Nashville tech sector ready to welcome thousands of new jobs from Oracle

NASHVILLE, Tenn. (WTVF) — Nashville tech leaders say interest by Oracle validates their efforts in developing a talent pool tech companies can’t resist.

The Fortune 500 computer technology company wants to build a new $1.2 billion technology hub on the East Bank of the Cumberland River.

To say Hayley “Zap” Zapolski was excited about the news, may be the very definition of an understatement.

“Honestly, I immediately had chills all over,” Zap said.

As founder of Nashtech, Zap has promoted the notion that tech jobs are the future. For the last two years, she’s created a network of local tech experts to exchange ideas on how to make Nashville a destination for other like-minded professionals.

“Tech really is the future of work. We’re seeing more jobs and more opportunities within that space,” Zap said.

We were joined by Joshua Mundy, as we stood across from the potential site of the new technology hub. He’s the CEO of PivotTech, a company where they help minorities pivot from jobs of the past and fill the careers of tomorrow.

The 20-week training features courses in data analytics, cybersecurity, and software development. Mundy says the mission is to get more minorities trained and engaged in these careers.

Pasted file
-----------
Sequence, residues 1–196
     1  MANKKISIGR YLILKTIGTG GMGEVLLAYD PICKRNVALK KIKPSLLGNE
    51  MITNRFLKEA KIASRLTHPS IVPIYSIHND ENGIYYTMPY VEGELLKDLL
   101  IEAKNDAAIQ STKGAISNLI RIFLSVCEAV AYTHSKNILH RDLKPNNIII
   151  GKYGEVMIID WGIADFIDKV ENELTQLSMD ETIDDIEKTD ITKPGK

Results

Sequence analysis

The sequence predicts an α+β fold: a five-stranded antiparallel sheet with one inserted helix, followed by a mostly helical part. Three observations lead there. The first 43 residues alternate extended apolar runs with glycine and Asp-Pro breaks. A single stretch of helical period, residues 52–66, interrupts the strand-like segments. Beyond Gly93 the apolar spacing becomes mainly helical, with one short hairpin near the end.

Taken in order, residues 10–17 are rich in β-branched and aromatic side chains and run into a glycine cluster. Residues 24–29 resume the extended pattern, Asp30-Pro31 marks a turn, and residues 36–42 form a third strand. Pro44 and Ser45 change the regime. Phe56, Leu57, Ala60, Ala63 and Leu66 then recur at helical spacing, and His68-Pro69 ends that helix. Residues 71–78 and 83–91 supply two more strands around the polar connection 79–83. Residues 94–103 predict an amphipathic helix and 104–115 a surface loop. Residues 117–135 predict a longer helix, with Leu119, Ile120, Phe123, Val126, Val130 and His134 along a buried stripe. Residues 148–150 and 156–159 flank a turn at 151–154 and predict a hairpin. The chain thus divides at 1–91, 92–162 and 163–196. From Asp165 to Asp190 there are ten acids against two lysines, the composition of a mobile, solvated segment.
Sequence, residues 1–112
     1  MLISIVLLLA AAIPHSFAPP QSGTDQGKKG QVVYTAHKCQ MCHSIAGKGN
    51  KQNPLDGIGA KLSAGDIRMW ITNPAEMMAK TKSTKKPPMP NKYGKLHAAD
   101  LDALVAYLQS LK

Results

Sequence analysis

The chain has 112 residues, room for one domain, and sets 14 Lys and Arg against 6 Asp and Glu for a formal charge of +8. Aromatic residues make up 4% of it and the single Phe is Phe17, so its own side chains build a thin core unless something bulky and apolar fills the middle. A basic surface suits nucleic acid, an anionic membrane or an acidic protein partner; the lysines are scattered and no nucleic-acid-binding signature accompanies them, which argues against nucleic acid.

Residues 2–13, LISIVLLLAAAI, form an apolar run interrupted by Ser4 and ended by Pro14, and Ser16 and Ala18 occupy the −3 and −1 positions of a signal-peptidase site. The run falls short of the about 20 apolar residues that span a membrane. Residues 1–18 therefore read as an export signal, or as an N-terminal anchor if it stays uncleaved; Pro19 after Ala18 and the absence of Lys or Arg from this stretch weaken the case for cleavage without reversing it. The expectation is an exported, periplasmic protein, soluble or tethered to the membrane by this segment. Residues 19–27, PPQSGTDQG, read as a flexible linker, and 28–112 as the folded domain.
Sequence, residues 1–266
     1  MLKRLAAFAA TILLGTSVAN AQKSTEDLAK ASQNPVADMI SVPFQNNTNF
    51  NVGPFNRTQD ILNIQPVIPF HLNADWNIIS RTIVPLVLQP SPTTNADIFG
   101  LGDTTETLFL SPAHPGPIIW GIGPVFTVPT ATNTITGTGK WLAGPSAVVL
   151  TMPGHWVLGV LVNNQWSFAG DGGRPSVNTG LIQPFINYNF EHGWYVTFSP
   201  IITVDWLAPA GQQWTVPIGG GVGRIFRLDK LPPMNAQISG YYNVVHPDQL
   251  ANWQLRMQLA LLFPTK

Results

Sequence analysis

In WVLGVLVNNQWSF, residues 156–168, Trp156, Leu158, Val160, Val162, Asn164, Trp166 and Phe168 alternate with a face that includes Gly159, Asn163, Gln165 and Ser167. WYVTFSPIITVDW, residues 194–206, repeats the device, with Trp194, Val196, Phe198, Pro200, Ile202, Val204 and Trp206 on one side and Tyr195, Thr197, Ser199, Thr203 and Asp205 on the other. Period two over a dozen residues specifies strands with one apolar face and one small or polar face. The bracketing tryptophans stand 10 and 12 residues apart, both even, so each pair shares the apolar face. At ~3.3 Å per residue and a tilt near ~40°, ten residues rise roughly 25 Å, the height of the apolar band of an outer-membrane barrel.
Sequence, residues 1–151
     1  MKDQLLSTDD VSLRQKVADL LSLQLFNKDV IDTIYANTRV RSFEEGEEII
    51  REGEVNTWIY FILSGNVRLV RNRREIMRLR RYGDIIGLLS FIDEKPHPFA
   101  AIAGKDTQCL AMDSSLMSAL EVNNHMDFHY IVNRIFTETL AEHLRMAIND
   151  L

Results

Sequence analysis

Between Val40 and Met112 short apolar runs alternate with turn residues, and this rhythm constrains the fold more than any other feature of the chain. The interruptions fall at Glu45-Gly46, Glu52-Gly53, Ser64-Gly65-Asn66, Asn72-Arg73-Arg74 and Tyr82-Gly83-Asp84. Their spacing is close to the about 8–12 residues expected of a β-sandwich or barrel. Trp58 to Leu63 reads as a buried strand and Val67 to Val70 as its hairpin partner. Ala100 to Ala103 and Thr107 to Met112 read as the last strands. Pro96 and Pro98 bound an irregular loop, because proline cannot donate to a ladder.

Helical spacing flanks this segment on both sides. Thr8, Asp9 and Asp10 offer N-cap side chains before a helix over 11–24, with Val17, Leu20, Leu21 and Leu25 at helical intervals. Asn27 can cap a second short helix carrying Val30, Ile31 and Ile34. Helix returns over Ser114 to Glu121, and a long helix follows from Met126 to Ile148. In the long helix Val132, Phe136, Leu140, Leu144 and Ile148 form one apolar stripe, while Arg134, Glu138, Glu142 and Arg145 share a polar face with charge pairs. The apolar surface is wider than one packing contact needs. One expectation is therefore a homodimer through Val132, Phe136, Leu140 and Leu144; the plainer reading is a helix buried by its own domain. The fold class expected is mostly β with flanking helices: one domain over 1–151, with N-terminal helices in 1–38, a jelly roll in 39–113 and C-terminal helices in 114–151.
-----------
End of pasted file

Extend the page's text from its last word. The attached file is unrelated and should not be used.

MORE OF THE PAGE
“We’ve been able to take people who have been making $30,000 and give them a tech career. Now they’re making $75,000. We’re talking about closing wealth gaps,” Mundy said.

Now imagine that gap when you’re now making six figures. That’s the average salary for the 8,500 staff Oracle wants to employ. Between constructing and maintaining the new tech hub, Oracle estimates they would need to fill 21,500 more jobs.

“Oracle is just another name on the list, that’s getting longer and longer,” Zap said.

NTT Data Services recently committed nearly $10 million to create a tech hub in Nashville. The investment included 350 new jobs.

Brian Moyer of Nashville Technology Council says these businesses follow the talent, which has been his job over the past two decades.

He remembers back in 2008 when Nashville had trouble filling just over a thousand tech jobs.

“We really dug in to find out how we could solve this problem,” Moyer said.

Moyer joined the IT advisory board at Trevecca Nazarene University. That’s where he relayed the skills business leaders said they were looking for from their new hires. He noticed shortly after that the school added new degree programs to meet these needs.

Moyer says Nashville now has a talent pool companies want, but it’s never too late for someone new to dive in.

“The good news is as we look at companies coming in wanting to hire by the thousands, there are already initiatives in place,” Moyer said.

Mundy is working on such an initiative and says the biggest challenge for his students is getting past the mentality of tech is not for them.

“We’re not in the technology business, we’re in the psychology business. We have to convince people to say, I can do that,” Mundy said.

Oracle has not confirmed if these jobs will be filled by existing employees from any one of their seven other regional hubs. The Metro Industrial Development Board would have to approve Oracle’s economic plan before a deal is finalized.